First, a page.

With regards to the ILO definition, two criteria need to be fulfilled in order for a case to constitute forced labour. The first is the absence of consent which means that a worker entered an employer-worker relationship involuntarily or by deception. The second element is coercion through which the worker is unable to leave the employer-worker relationship. This can be the case when the worker is locked up, beaten but also when he or she is threatened. In reality, it is not always easy to distinguish between situations of forced labour or severe exploitation. Yet the rights of the victim will be very different in each situation.

Based on this ILO definition, there are different ways of ending up in a situation of forced labour. Being born as a slave is one way. Bonded labour is another. This typically involves a worker accepting an advance payment or a loan. But the conditions of the loan are such that the worker is unable to pay it back. In Europe, there are cases of migrant workers being trafficked under the false promise of a decent job.

What is the scope of the problem?

The often hidden nature of forced labour makes the collection of data a difficult exercise. Two sets of data are commonly used: 1) administrative data collected by national statistical authorities and 2) estimates that try to capture the extent of cases that are not reported to public authorities.

Based on administrative data, the 2016 UNOSG report identified about 63,000 victims of trafficking (also covering forced labour) worldwide with a majority of women. Only in Central and Eastern Europe more men than women were found to be the victims of trafficking. Interestingly, this is also the region with more women than men perpetrators being convicted.
Eurostat figures covering the period 2013-2014 report about 16,000 victims of trafficking in the EU with a majority of women. Interestingly, most victims are EU nationals from Romania, Bulgaria, the Netherlands, Hungary and Poland.

The ILO has published estimates, the other category of data that tries to capture the hidden dimension. They indicate that between 2002 and 2011, 20.9 million people were in a situation of forced labour, including more women than men. The profits generated by forced labour were estimated at 150 billion dollars annually. This is more than the national GDP of low income countries. According to these estimates, 90% of the victims are exploited in the private economy.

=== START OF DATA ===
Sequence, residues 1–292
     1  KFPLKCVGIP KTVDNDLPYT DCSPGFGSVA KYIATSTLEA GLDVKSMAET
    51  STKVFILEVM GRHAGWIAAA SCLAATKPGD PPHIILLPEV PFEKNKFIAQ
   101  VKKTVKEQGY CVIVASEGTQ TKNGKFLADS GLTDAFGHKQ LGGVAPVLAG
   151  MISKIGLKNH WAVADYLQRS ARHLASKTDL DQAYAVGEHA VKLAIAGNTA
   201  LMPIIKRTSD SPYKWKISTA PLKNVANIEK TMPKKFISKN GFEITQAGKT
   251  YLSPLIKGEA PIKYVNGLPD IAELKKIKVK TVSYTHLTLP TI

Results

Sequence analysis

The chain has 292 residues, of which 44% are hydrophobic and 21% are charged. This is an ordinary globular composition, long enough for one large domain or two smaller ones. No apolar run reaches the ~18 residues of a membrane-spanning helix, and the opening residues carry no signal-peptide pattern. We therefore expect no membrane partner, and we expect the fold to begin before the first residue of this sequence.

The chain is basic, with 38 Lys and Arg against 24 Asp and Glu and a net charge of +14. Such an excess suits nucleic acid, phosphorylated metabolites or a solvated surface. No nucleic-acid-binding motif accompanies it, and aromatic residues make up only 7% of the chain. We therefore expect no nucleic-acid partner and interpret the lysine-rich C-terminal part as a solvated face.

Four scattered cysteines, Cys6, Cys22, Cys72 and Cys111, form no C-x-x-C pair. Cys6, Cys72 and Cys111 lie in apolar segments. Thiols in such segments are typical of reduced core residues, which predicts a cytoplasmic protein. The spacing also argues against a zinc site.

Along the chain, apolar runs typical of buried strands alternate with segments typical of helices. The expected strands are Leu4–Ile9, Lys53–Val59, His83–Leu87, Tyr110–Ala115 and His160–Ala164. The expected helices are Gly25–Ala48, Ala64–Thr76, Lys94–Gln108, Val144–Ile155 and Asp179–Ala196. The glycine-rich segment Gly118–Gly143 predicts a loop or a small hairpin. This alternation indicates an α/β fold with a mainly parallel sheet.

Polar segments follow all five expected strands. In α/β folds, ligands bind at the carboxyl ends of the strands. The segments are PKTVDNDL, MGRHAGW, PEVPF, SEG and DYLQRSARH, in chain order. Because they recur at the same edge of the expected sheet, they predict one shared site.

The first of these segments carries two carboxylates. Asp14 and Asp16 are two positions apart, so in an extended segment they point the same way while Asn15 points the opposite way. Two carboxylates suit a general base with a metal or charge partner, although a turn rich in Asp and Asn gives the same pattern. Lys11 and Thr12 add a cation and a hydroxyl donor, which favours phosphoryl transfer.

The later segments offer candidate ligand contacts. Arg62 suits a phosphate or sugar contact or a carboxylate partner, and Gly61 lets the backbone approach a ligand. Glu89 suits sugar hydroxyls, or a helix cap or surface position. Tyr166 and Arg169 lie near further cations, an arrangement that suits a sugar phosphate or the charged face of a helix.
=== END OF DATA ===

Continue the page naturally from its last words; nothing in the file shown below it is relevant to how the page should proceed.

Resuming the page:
In terms of absolute figures Asia is the continent with the most victims. Central and Eastern Europe is second in line. In relative terms (as a proportion of the population) the Middle East is the third region with the most victims. In terms of profit generation, the developed economies and the EU occupy the second place.

The sectors most affected are domestic work, construction, agriculture and manufacturing and for sexual exploitation, it is prostitution. In most cases of sexual exploitation, the victim has been moved, whereas in the case of labour exploitation there is a fair chance that the victims are being exploited where they live. Unfortunately, the rate of prosecution for identified cases remains very low making forced labour a low risk/high profit undertaking.

How can we tackle forced labour?

Measures can be split into three categories:

Criminal Justice Response

The Palermo Protocol supplements the Convention on Transnationally Organized Crime. It focuses on the crime, the victim and the prosecution and conviction. For the criminal justice response to be effective, labour inspectors, migration and police officers as well as judicial staff should be trained so as to be able to detect potential cases of forced labour. Institutional cooperation within and between countries would also need to be improved. With a specialized police force, specialized labour inspectors and labour prosecutors, Belgium is a good example.